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Environment Agency Investigations Fall by 30% Amid Sewage Crisis

Government cuts have hamstrung the regulator at exactly the wrong moment, reports Andrew Kersley

Liz Truss, who as Secretary of State for Environment, Food and Rural Affairs from 2014 to 2016. Photo: 10 Downing Street

Environment Agency InvestigationsFall by 30%Amid Sewage Crisis

Government cuts have hamstrung the regulator at exactly the wrong moment, reports Andrew Kersley

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The number of investigations launched by the Environment Agency has dropped by 30% between 2015 and 2020, even as the crisis in raw sewage dumping hit breaking point, Byline Times can reveal.

Some 11,436 incidents were officially logged by the regulatory body tasked with stopping pollution and protecting the natural environment in England and Wales in 2015, but by 2020 that figure had dropped 8,088, according to a Freedom of Information (FOI) request.

The FOI results also revealed that the share of those total cases where “no further action” was taken by the agency has shot up from around 10% to 15% in that same time.

One activist group warned that the figured showed there was a “clear lack of regard for sewage pollution incidents.”

Since 2010, the Environment Agency has been on the end of dramatic cuts to its budget from the Government, slashed by nearly two-thirds from £120 million to just £48 million. While serving as Environment Secretary from 2014 to 2016, Liz Truss oversaw £24 million in cuts on environmental protection, including surveillance of water companies to prevent the dumping of raw sewage.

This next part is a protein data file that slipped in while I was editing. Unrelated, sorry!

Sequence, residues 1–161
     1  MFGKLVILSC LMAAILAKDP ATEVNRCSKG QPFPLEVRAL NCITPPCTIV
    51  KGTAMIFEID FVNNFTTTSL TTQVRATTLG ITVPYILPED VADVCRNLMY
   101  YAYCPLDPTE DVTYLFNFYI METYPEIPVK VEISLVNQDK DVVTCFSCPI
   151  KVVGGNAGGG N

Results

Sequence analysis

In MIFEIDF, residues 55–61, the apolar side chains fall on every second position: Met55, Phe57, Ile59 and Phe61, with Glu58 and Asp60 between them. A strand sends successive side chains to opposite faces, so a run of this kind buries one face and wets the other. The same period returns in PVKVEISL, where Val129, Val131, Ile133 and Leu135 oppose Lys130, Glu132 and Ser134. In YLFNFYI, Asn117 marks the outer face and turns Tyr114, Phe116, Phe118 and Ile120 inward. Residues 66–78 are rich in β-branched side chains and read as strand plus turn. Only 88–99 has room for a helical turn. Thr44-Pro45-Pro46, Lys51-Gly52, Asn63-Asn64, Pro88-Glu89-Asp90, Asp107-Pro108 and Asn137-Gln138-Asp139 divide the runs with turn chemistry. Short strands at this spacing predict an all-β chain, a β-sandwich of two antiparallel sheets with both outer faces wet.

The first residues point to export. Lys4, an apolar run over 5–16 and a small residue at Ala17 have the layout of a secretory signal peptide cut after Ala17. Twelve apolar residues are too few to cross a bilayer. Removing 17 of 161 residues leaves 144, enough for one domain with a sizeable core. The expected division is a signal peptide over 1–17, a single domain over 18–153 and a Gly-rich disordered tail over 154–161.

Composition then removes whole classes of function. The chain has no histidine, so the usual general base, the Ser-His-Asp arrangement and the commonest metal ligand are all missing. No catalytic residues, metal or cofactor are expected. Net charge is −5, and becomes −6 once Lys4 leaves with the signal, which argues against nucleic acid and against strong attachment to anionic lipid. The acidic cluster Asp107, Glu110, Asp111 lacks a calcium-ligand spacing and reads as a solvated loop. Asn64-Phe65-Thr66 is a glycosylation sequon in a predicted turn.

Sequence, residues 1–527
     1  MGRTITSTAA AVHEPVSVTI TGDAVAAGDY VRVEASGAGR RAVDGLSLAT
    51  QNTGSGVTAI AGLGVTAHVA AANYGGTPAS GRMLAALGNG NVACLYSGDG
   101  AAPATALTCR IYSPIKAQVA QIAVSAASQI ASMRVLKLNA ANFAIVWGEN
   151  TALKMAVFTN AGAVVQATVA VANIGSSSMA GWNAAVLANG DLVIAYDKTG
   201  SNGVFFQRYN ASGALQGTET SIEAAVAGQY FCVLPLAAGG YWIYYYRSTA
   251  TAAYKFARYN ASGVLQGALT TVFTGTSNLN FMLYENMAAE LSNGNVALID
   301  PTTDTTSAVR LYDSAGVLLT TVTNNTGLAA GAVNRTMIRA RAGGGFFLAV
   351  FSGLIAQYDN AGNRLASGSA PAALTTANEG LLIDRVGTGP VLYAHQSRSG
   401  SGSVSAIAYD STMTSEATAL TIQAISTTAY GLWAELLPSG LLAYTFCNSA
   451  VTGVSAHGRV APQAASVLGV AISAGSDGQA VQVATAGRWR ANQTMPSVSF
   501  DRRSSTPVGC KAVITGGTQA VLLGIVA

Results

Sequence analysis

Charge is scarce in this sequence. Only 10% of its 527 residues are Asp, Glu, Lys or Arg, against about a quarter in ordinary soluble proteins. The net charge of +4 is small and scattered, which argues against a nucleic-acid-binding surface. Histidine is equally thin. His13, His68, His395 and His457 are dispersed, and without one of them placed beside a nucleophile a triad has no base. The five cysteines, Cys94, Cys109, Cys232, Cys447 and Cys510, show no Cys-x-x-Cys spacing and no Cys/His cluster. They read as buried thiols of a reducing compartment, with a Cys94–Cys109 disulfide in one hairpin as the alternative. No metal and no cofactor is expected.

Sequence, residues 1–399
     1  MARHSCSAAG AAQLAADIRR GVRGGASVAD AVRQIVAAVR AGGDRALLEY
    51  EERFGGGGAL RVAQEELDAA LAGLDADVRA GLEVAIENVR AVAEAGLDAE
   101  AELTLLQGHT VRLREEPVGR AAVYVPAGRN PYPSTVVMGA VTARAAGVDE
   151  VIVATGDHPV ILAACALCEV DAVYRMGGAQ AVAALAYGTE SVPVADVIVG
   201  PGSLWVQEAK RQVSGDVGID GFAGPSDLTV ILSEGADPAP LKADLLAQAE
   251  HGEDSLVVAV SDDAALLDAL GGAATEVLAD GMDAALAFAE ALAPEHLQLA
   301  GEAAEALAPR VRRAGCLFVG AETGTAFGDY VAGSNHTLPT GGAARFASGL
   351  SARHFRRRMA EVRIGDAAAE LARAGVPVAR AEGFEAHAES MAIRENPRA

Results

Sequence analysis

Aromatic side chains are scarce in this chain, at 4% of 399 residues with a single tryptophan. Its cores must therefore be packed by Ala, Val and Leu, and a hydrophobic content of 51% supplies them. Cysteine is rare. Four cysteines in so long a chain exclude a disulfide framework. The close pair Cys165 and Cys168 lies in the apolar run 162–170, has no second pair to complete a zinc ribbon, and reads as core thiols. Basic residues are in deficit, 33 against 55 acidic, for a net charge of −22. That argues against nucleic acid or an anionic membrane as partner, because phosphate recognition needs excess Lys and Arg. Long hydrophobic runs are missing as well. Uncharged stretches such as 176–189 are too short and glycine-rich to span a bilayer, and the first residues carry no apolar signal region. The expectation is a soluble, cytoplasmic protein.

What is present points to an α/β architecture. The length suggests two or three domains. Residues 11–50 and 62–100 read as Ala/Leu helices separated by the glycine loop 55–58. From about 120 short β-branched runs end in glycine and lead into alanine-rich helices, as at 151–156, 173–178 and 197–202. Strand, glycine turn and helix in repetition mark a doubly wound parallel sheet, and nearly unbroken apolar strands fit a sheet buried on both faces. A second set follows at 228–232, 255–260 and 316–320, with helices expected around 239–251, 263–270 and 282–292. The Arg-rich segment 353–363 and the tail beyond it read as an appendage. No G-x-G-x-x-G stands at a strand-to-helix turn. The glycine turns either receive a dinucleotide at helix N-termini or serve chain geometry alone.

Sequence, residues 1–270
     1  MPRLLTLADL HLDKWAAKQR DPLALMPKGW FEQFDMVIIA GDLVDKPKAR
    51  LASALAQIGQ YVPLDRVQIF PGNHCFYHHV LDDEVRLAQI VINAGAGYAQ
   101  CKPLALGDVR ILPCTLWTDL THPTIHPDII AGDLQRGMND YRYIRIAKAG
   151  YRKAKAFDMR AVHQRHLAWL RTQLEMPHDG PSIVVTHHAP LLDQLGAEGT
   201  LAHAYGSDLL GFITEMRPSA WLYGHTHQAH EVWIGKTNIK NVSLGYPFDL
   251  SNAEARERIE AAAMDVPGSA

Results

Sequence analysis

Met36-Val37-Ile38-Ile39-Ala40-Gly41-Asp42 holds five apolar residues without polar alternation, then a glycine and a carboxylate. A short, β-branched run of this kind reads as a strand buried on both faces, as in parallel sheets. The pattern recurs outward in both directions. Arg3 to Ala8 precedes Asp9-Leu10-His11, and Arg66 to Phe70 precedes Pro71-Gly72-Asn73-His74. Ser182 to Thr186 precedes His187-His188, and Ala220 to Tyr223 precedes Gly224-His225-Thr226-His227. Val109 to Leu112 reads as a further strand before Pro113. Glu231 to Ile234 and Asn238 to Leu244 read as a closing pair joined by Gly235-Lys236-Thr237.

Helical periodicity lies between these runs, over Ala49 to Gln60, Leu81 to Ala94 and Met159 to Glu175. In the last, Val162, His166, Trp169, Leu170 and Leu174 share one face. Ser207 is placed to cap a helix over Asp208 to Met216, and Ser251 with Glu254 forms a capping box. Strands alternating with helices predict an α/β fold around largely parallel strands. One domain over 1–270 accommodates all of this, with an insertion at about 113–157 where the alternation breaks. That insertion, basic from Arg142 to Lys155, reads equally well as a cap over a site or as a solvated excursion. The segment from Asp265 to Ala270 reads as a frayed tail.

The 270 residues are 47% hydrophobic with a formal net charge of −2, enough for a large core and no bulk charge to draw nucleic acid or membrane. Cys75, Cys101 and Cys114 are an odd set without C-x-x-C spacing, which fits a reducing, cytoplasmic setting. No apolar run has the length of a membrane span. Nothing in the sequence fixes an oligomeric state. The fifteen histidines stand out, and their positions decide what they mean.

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The reduction in Environment Agency cases comes as a worsening raw sewage dumping crisis in British rivers by the country’s privatised water companies.

In 2020, there were 403,171 raw sewage dumps into England’s rivers and seas, or more than three million hours of spillages. That figure was a 37% increase on 2019. Those figures only slightly dropped in 2021 to around 375,000 untreated sewage discharges, for a combined total of more than 2.7 million hours. From 2019 to 2021, the total was 6 million hours.

Now, just 14% of UK rivers are judged to be of good ecological standard. Last week, The Times revealed that the number of audit inspections conducted by the Environment Agency of water companies’ ‘self-reporting’ of sewage dumping figures dropped by more than half between 2019 and 2020.

While those figures eventually increased at the end of the pandemic, the new data obtained by Byline Times is unlikely to be related to the COVID crisis. Indeed, the number of incidents logged by the Environment Agency actually hit an all time low in 2017/18, when just 7,528 were recorded.

Byline Times has previously uncovered that the UK’s water companies have paid a total of £405 million in penalties for environmental, water service, workplace health and safety, and labour violations since 2010.

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Amy Slack, head of campaigns and policy for Surfers Against Sewage, said: “Devastating under-investment is systemic across our water industry, from the Government squeezing the regulator to water companies letting our infrastructure fall into disrepair, leading to the sewage scandal we’re all now confronted with.

“We know that Environment Agency staff were blatantly told to ignore ‘low-impact’ pollution events, demonstrating a clear lack of regard for sewage pollution incidents despite the huge damage they cause to our ecosystems and to human health.”

An Environment Agency spokesperson said that it “receives thousands of incident reports every year ranging from pollution to coastal erosion and flooding. We assess and record every incident and we will always attend if there is any significant risk to people or the environment.

“All information we receive is used to shape regulatory interventions where they are needed most and like every public organisation, given finite resources we will always focus our efforts on the greatest threats to the environment.

“We recently requested detailed data from over 2,200 wastewater treatment works as part of the biggest investigation we have ever undertaken into potential permit breaches – and where there is evidence of non-compliance we will not hesitate to pursue the water companies concerned and take appropriate action.”

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